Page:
It should be pretty obvious to say that I believe in paying teachers more. Mr. Eyre and I are working on buying a house, and it's depressing to see what we can afford in NYC right now. Mr. Eyre works in the private sector and makes what I always considered to be good money, yet buying even something modest in District 26 or similar seems out of reach at the moment. If I could match his salary, we'd be in much better shape. Although he hasn't been in his career much longer than I've been in teaching, he makes more than twice what I do. So I agree with that part of Mr. Kristof's argument.
I also agree with more rigorous evaluation for teachers. Putting aside the thorny issue of test scores for money, I'd be comfortable with being evaluated on the full spectrum of what I do as a teacher with evaluation from peers as well as supervisors thrown in. No decent teacher should fear a multifaceted performance assessment, one that examines classroom management, school involvement, parent and student relationships, common planning, and other aspects of the job. Getting beyond "S" and "U" would not, in my opinion, be such a bad thing.
I do have two points of disagreement with Kristof, however. The first is on acquiescing to larger class size. While a large class size might be acceptable and even advisable for highly motivated, well-behaved high school students who can deal with lecture and whole-class discussion on a daily basis, keeping class sizes manageable is a must for teachers dealing with higher-needs students. Teachers who have good classroom control with 25 students do not necessarily have good classroom control with 35 or 40, and the kind of work necessary to develop the absolutely essential positive relationships with higher-need students to bring them on board with the classroom experience is less and less realistic as class sizes inch upwards. Large class sizes in Japan and South Korea are realistic when discipline in schools is paramount and most students are either intrinsically motivated or firmly under a cultural mindset of reverence for education and teachers. This is not the case here. Perhaps a one-size-fits-all approach to class size isn't the answer, but safeguards must be in place to protect and encourage teachers who take on (in manageable numbers) our neediest children.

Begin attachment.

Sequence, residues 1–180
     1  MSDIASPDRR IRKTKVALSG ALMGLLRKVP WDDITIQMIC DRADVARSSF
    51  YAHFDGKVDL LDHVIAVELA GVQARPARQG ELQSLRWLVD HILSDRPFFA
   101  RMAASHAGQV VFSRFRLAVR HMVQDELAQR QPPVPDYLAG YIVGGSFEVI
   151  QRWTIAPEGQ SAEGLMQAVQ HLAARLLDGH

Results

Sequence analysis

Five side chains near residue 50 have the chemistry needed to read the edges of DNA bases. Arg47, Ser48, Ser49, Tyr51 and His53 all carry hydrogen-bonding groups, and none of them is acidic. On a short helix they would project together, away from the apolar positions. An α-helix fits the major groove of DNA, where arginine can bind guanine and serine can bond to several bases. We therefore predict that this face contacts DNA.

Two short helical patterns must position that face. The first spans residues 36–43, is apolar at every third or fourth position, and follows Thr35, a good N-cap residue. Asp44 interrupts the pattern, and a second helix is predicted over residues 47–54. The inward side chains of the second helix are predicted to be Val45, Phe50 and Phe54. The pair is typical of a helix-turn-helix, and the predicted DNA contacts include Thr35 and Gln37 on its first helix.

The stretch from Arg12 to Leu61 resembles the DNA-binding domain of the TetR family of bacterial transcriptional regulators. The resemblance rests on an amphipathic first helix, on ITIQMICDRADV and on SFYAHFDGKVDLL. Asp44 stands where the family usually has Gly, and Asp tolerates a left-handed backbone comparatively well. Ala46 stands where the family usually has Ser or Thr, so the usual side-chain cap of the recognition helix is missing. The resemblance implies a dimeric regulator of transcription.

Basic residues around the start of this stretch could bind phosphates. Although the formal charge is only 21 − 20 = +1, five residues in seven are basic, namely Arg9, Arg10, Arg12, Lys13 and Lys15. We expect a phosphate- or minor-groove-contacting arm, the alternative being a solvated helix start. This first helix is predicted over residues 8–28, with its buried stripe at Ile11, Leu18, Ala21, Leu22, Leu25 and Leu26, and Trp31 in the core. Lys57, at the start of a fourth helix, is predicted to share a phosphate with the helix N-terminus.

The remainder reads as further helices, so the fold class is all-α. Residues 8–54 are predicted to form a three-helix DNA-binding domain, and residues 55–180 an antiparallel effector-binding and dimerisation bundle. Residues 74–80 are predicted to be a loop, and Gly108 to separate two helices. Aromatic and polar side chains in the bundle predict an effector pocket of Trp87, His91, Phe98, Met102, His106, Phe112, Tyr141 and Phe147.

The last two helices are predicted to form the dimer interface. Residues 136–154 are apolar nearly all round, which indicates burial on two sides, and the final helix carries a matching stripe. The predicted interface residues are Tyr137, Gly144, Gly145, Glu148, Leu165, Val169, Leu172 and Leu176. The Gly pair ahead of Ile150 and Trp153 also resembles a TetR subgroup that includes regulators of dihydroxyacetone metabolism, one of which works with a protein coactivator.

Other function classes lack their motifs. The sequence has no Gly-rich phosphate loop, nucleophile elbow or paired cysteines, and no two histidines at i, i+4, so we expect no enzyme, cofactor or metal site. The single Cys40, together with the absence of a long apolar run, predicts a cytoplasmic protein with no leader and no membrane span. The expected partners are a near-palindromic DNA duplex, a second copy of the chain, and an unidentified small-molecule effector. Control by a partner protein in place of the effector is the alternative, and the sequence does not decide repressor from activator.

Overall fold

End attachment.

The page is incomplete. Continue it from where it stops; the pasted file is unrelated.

The other is inflexibility on work rules. When I think of teacher work rules, I think of the rule specifying that the work day is 6 hours and 50 minutes long (HA HA HA HA!!!!!!!!!!), or the rule that teachers cannot teach more than three consecutive periods, or the rule that teachers must have a duty-free lunch period every day. These are things on which I think it is fine for teachers to be inflexible. Teachers who care about doing their jobs well by giving students meaningful feedback on a range of assignments, taking on extracurriculars, offering students extra help after school, and planning engaging lessons need limits on their time that many principals cannot be trusted to respect. I can tell you that teaching five periods a day is exhausting, and it is even more so when lunch is a sandwich choked down while grading papers or filling in roll sheets, and it is even more so when I spend an hour after school tutoring or running my club, and that after all those things are done, I still have work left to do. I will be flexible about my work rules when I have an assistant teacher and/or secretary.
So that's what I think of Mr. Kristof's suggestions: Sure, I'll take more money. I'll even take it with some strings attached in the form of more rigorous evaluations. But not for more students, or more planning, and certainly not for more busywork like potty patrol or lunchroom duty. I'm already not sure how it's possible to work harder than I'm working now. You can't get blood from a stone.